In a world where technology shapes our lives, I've come to realise the profound importance of diversity in tech teams. My journey has been a testament to this, and I want to share with you why diversity isn't just a buzzword; it's the secret ingredient to crafting exceptional tech products and services.
I understand the irony of a cisgender white man championing underrepresented groups, but I've witnessed the transformative power of embracing difference during my three decades in the tech industry. My hope is that by sharing my experiences, I can help others avoid repeating past mistakes and understand the value of diversity.
Focussing on the why and breaking the Echo Chamber
I've come to understand that building products and services for a diverse world requires a diverse team. If your team better reflects the individuals you're creating for, your chances of success soar. Diversity isn't just about doing the right thing; it's a pragmatic approach to success and profitability.
People like to build something valuable, fostering team unity, and instilling a sense of purpose. Which is why I like everyone in a team I manage to be able to answer and feel they have agency on these three core questions:
- What’s my role?
- How do I do it?
- Why are we doing this?
Guiding teams to understand their "why" and work cohesively applies universally, from start-ups to global enterprises. It's about creating value while working effectively with others.
Yet I've learned that having an eclectic team isn't enough if everyone's just echoing the same ideas. The true value comes from embracing individuality and giving each team member's unique voice a chance to be heard. It's about acknowledging that our target audience isn't a monolith; it's a mosaic of individuals with different backgrounds and life experiences.
Lived experiences are invaluable when it comes to product and service design. Take, for instance, the simple yet profound insight that as phones get larger, they become less user-friendly for people with smaller hands, such as most women. This underscores how the wider range of lived experiences we can draw on leads to better products and services for everyone.
Equity vs. Equality
I firmly believe that true diversity goes beyond mere equality; it's about equity. Equality is giving every member of staff a monitor, but what about someone in the team who is visually impaired? Yes, it’s equal but it doesn’t give them the tools to be able to fully participate in the working environment. Yet by using reasonable adjustments equity is giving these employees screen readers or voice recognition software so that they can access and interact with digital content and be successful in their role.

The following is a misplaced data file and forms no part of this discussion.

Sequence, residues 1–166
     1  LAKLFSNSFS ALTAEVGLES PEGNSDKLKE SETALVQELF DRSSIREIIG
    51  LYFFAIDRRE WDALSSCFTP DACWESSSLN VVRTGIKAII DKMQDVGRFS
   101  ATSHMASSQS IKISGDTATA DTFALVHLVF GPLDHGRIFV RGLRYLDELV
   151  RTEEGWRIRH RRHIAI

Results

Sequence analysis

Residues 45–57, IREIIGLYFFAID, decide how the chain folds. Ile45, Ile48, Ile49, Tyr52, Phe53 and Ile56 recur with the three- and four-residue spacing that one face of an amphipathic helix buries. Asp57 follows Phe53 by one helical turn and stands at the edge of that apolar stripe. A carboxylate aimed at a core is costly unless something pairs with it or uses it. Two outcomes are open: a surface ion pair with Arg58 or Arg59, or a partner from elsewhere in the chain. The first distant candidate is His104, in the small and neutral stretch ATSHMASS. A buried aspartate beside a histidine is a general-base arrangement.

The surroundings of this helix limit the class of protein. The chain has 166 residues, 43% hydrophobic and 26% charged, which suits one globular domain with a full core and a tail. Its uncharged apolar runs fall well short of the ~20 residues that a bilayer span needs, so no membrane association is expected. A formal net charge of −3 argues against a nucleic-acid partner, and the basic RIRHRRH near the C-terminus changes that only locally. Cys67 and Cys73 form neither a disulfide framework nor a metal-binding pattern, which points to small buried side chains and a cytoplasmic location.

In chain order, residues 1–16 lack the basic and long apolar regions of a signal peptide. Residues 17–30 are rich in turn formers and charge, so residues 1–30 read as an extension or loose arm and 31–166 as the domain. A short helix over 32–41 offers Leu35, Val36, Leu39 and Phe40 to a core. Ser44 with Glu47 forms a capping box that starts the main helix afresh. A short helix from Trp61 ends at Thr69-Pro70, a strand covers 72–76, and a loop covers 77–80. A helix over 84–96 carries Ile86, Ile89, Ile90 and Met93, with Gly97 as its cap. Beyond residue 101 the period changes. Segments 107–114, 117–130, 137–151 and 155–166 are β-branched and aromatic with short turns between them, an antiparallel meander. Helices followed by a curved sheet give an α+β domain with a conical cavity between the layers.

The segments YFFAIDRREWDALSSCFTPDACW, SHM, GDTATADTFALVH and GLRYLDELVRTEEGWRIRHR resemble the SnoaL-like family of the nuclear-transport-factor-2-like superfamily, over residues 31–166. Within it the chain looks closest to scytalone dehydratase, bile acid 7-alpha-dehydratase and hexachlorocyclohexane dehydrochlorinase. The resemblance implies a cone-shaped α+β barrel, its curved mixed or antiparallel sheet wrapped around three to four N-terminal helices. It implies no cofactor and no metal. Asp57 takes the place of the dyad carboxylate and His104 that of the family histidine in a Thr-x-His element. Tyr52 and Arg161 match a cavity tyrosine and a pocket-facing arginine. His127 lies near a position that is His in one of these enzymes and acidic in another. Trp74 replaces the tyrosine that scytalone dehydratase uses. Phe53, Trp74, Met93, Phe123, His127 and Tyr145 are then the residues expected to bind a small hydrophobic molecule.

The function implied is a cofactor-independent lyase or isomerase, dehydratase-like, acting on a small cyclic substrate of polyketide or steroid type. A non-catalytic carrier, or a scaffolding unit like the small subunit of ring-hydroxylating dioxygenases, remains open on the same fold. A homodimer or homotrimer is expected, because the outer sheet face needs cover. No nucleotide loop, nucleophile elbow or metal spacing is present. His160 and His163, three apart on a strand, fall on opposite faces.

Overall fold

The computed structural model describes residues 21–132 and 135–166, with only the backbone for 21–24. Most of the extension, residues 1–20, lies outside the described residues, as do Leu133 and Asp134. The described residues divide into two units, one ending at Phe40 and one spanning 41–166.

This same approach of equity should be applied to anything that makes us individuals. In terms of diversity of thought, every voice should have a platform, every perspective should be considered, and every unique approach should be valued.
A diverse and empowered team isn't something that happens overnight; it's a journey. It requires commitment, valuing other points of view, and the freedom to fail. We must give our team members the opportunity to use their unique skills and encourage them to learn from their mistakes. Instead of blaming, we should focus on learning and growth.
This isn't just about policies or special clubs for underrepresented groups. It's about fostering an environment where everyone can communicate freely. It's a two-way street – the team should communicate their needs, and the organisation should listen and act. Building two-way communication is crucial.
The Recruitment Challenge; Looking Beyond Quotas
I acknowledge that embracing diversity can make recruitment more challenging, at least initially. It requires educating hiring managers and rethinking job descriptions. Instead of listing "nice-to-haves," focus on core requirements to broaden your talent pool.
In my hiring philosophy, I've moved beyond viewing diversity as a mere quota to fill. I encourage focusing on what everyone can bring to the team. What unique skills or perspectives can they contribute? It's about recognizing that a team's strength lies in its differences.
Challenging the norm isn't easy, especially when it comes to hiring. I encourage looking beyond traditional indicators of success, such as prestigious universities or colleges, these have been proven to be flawed anyway. Instead, consider values, common goals, and innate skills like curiosity and problem-solving. Rather than excluding candidates, think instead about what someone would add to your business.
In the quest for diversity, we're not building a cult; we're building teams united by a common goal.
Through my journey, I've learned that diversity isn't a hindrance; it's a wellspring of innovation and success. It's a catalyst that propels tech teams toward excellence, enabling them to create products and services that resonate with the multifaceted world they serve. As we embark on this journey together, let's embrace diversity as an asset that fuels our collective success in the ever-evolving tech landscape.